We’ve all been there.
Recent college or seminary graduates excited to teach our future churches all the wonderful things we have learned about biblical studies in order to open up the newest vistas of biblical truth and knowledge, only to find that our congregations are not nearly as excited as we had hoped.
There are a number of reasons it is difficult to teach our parishioners to read Scripture.
It is complex and requires careful attention to do rightly. We have to sift through tradition, local context and the means by which our congregations hear and receive the Word of God.
Many have preconceived ideas about what Scripture already says, and any method of study that challenges these already formed ideas is going to have an uphill battle.
Why should they listen to the newly minted minister from seminary who comes along challenging long-accepted approaches, interpretations and perspectives?
All this begs the question, “How can we take the things we have learned in our ministerial preparation and share the same gifts of study we have received with a church that desperately needs more depth in its approach to Scripture?”
Addressing the issue of teaching Christians how to read Scripture again for the first time has been one of the challenges of my own personal ministry.
At first I was unsure how to go about this task, where to begin, how to confront old ideas and how to stretch my congregation.
But after three years I have learned several things and I am amazed at the conversations we are beginning to have in my theologically conservative tradition.
As you struggle with how to teach Scripture to your local church, perhaps keeping some of these things in mind will help move you in the right direction.
First, come to the task with a sense of community and humility.
The problem with those of us in higher education is that we often approach the task with an expression of condescension and superiority. The knowledge we have acquired has changed our lives and we want our church to learn what we have.
Our attitude is that we have something to teach, rather than adopting an attitude of “we need to learn together.”
If our goal is to teach people Scripture, then an approach in which our ideas and methods are offered against their ideas, traditions or experiences will not help toward this end.
So rethink your spirit, your approach, how you view the opinions of church members and then make sure your goal is always about making better disciples, not proving that your method or interpretation is right. If you do the former, the latter will naturally occur.
Second, start with basic ideas about the Bible.
When I began this journey, we started with general conversations about the Bible. Before you can begin any new interpretive methods, you and your congregation need to be on the same page or else your interpretive results won’t make much sense.
So, we started by asking very foundational exegetical questions that many pastors are scared to ask:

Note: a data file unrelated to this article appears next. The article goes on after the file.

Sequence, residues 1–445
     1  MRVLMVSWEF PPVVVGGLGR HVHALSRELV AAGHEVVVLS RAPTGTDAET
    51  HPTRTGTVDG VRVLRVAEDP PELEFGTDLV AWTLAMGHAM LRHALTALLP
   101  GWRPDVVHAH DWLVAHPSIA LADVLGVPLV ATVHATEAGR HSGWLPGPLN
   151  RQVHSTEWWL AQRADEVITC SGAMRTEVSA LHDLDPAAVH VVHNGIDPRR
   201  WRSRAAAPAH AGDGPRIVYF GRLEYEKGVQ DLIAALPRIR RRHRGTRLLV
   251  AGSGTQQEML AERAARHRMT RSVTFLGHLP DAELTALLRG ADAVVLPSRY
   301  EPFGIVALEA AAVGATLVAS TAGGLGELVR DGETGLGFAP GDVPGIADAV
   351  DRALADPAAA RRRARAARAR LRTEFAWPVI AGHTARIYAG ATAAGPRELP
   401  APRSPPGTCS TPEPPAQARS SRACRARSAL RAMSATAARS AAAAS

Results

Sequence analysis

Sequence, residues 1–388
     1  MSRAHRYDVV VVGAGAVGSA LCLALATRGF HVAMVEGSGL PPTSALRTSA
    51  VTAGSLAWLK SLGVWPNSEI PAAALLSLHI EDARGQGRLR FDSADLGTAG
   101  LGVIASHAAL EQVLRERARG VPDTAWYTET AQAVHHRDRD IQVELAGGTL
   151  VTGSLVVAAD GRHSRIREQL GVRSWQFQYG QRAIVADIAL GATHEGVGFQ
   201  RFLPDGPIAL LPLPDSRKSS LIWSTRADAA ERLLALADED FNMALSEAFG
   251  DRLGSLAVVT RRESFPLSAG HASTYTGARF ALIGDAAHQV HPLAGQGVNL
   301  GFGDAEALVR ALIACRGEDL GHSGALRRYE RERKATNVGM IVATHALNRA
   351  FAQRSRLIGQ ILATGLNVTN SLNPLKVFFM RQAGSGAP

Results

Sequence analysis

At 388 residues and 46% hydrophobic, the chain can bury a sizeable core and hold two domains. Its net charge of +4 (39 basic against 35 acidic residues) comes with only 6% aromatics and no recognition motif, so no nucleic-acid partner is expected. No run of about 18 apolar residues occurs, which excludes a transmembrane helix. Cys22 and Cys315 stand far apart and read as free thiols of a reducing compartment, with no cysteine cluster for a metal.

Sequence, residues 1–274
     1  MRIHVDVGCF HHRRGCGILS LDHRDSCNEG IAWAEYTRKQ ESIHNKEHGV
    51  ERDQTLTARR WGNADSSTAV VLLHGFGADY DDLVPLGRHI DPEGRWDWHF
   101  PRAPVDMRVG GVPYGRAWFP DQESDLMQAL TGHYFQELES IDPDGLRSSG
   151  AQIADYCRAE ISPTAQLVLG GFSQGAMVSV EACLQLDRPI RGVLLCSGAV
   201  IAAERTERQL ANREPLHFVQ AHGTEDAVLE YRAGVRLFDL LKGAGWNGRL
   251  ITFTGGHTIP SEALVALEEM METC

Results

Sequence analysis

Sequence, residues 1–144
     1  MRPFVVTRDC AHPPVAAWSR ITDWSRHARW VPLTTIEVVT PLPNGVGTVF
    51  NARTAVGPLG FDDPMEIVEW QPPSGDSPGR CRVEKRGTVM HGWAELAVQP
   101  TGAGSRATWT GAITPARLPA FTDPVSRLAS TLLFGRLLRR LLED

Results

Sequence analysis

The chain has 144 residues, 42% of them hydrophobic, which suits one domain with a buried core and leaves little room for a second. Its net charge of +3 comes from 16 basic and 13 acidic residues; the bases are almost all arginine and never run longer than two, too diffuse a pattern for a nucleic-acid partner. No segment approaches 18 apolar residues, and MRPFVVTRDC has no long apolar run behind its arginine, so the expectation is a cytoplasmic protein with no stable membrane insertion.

â— What do we mean by authority?
â— What do we mean that Scripture is inspired?
â— What does it mean to say Scripture is inerrant?
â— What is the relationship of inspiration to fact or fiction?
These questions are important because they lay the groundwork for future study and growth. We don’t have to agree on answers to these questions because we are having the conversation, and the church is thinking about these questions for the first time. And that’s the important part.
Remember how long it took the Spirit to shape you into the thinker and leader you are now. Give people the same time and patience when beginning to ask questions that many of them have always taken for granted.
Third, church members will not listen to you if you do not remember the old cliché: “people don’t care about what you know till they know that you care.”
This has never been truer than in ministry.
In our church, we have been able to bring into our local church setting multiple topics often considered taboo.
We have tried to be conduits of exploration through Scripture, and my church has trusted me to take them to these places because they have seen me cry, heard my shouts for joy, prayed with me, heard my sermons and felt the sincerity of my faith.
Had I not first been a pastor to them, I would merely be a specious, liberal academic trying to change the gospel to fit my liberal biases. Your church will not listen because of what you know, but they will listen when they know who you are.
While these three things are not exhaustive, if we keep them in mind we may finally begin to have the conversations that so many pastors desire to have, and we may finally be able to move our churches toward a deeper dimension of faith.
Nathan Napier is pastor of Christian education at Cleveland First Church of the Nazarene in Cleveland, Tenn., and a graduate of the McAfee School of Theology.
A bi-vocational minister for over 20 years, Napier currently serves as a lay minister at St. Luke’s Episcopal Church in Cleveland, Tennessee. He holds a Doctor of Ministry from Mercer University’s McAfee School of Theology, and his current research focuses on faith, culture and ethnography as pastoral practice.